That resulting foal, the progeny of two Horses of the Year, will be incredibly anticipated by many. Such is the breadth of Prince Khalid bin Abdullah’s Juddmonte legacy, however, that he or she will be but one small bud on a towering oak that branches off in so many directions. Today, Juddmonte stands six Grade/Group 1 winners and/or sires in two countries. Its consignments of fillies and mares at Tattersalls, annually without fail, draws a vibrant international crowd ringside, all intoxicated by the notion that they may be able to capture a small piece of that Juddmonte magic for themselves. Many have.

The enormity of the loss of His Highness Prince Khalid bin Abdullah to the global Thoroughbred industry is immeasurable. He was a sportsman who loved the game of racing and breeding and the challenge of matching up his homebreds to produce superior athletes. It is quite possible we will never again see his equal. But as many of Prince Khalid’s lines continue to grow strong after 40 years, it is likely we will be paying homage to him for many generations to come.

Charlton Leads Tributes To Prince Khalid Abdullah

Roger Charlton, who trained Quest For Fame (GB) and Sanglamore to win the Derby and Prix du Jockey Club for Juddmonte in 1990, said on Sky Sports Racing, “I think the whole of the racing industry appreciates what Prince Khalid achieved with Juddmonte Farms. Life is full of luck and being in the right place at the right time and how lucky was I? He was a wonderful owner to deal with and I owe him everything. It’s a huge loss.

“He was always a great pleasure to talk to before a race and/or after a race, and of course he was hugely knowledgeable. He had huge passion for it and I think that’s really important. Any owner/breeder goes through rough patches, bad horses, bad stallions, but his passion was always there right to the end. It was marvellous that he had horses like Arrogate, Kingman, Frankel and Enable towards the end. It was a real testament to a fantastic operation.

“Generally speaking it’s fair to say that every trainer, jockey, breeder and owner in this country had immense respect for Prince Khalid. I don’t think too many people ever found fault with what he did. He was generous, in sponsoring some great races as well as owning horses. His life was full of great credit and he was very humble.

“He was a colossal contributor to racing. I shall personally miss him a lot and I’m forever grateful that I’ve been able to train the horses that I have.”

John Gosden, trainer of Enable (GB), Kingman (GB) and Oasis Dream (GB), reflected, “He sparked an interest going racing in Paris in the 1950s and then some 15 or 20 years later decided to set up a breeding operation with Jeremy Tree as his advisor. What he created in the first 20 years, never mind 40 years, is beyond extraordinary, and to be a leading owner in Europe and America within the period he did it speaks bounds for his knowledge and his strategic approach. He knew the pedigrees of his horses inside out—you could never catch him out on pedigrees.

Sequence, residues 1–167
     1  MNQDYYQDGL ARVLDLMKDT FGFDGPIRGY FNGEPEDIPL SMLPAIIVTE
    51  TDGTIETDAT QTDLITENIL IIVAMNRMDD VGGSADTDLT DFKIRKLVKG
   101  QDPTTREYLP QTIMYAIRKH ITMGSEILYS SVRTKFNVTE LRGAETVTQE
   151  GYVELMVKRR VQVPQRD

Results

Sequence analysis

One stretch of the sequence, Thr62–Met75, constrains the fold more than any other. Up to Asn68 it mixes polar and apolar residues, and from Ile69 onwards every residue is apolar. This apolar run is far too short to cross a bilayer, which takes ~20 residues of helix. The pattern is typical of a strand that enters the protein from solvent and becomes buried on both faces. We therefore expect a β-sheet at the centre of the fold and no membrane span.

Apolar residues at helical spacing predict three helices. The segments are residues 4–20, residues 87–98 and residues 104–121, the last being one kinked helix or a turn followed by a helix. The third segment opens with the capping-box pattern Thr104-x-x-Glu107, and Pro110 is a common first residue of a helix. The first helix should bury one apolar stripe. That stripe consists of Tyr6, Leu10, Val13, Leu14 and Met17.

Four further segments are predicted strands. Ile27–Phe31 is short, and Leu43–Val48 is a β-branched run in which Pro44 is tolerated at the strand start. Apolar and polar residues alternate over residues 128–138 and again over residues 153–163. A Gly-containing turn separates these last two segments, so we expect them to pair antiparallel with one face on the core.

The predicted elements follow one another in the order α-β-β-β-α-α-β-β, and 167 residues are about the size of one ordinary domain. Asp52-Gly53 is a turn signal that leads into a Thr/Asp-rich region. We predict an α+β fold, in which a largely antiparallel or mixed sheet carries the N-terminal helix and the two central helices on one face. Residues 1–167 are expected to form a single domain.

“He was the most charming man. He was incredibly humorous, steely, tough— you’d better be on your mettle with him—but the most amazing man to train for. We all had an awful lot of fun together because he enjoyed being with the horses. It was his passion and he always referred to it as his one great luxury.

“Prince Khalid wasn’t particularly well while Kingman was racing but he was in Deauville when he won the Jacques le Marois. He didn’t come to the races but he came to the stables a couple of hours later and we stood the horse up for him  and he stood there and looked at the horse, walked around him and patted him. He had the most wonderful affinity with horses. With Enable, he saw her in the Arc in 2018 and he enjoyed that very much but he was quite fragile by that stage and we never saw him at the races after that, but he watched every race on television.”

Dermot Weld, trainer of Emulous (GB) and Famous Name (GB), said, “I’d like to extend my sympathy firstly to his family. He is a huge loss to the racing industry because  he was one of the pillars of the breeding industry in the world for the last 50 years. He was the man who raced Frankel, Kingman, Enable, and he gave us though this brilliance these wonderful horses to enjoy.

“Two words I’d like to say: when you talk about Juddmonte you talk about excellence, and when you talk about Prince Khalid you talk about loyalty. In this changing world this was a great quality that shone out from the man.”

Bob Baffert, trainer of Breeders’ Cup Classic and Dubai World Cup winner Arrogate, told Sky Sports Racing, “He was definitely one of the titans of racing. He was such a gentleman, a really low-key kind of guy who trusted his trainers. The biggest compliment a horse trainer in America could get is if he wanted you to train his horses.”

Lady Jane Cecil, trainer of G1 Champion S. winner Noble Mission (GB), reflected on the longstanding relationship between Prince Khalid and her late husband, Sir Henry Cecil. She said, “They had a special friendship which meant a great deal to Henry. They were very different but they got on very well and I think Henry amused the Prince.

“[The Prince] was so loyal. Imagine him allowing me to train Noble Mission. He’s Frankel’s full-brother and with him allowing me to do that, and being loyal and supportive, which of course was an extension of his loyalty to Henry, it meant that Warren Place had that fantastic day at Ascot which will live with me forever.”

Frankie Dettori: “He was a great of the sport. I had one of my early Group 1s aboard a horse he owned called Ryafan in the Prix Marcel Boussac, who was trained by John [Gosden]. He was amazing and a true giant of the sport. You could go on naming all the great horses he has owned, but you would have to say Enable, Frankel and Dancing Brave are the three that stand out.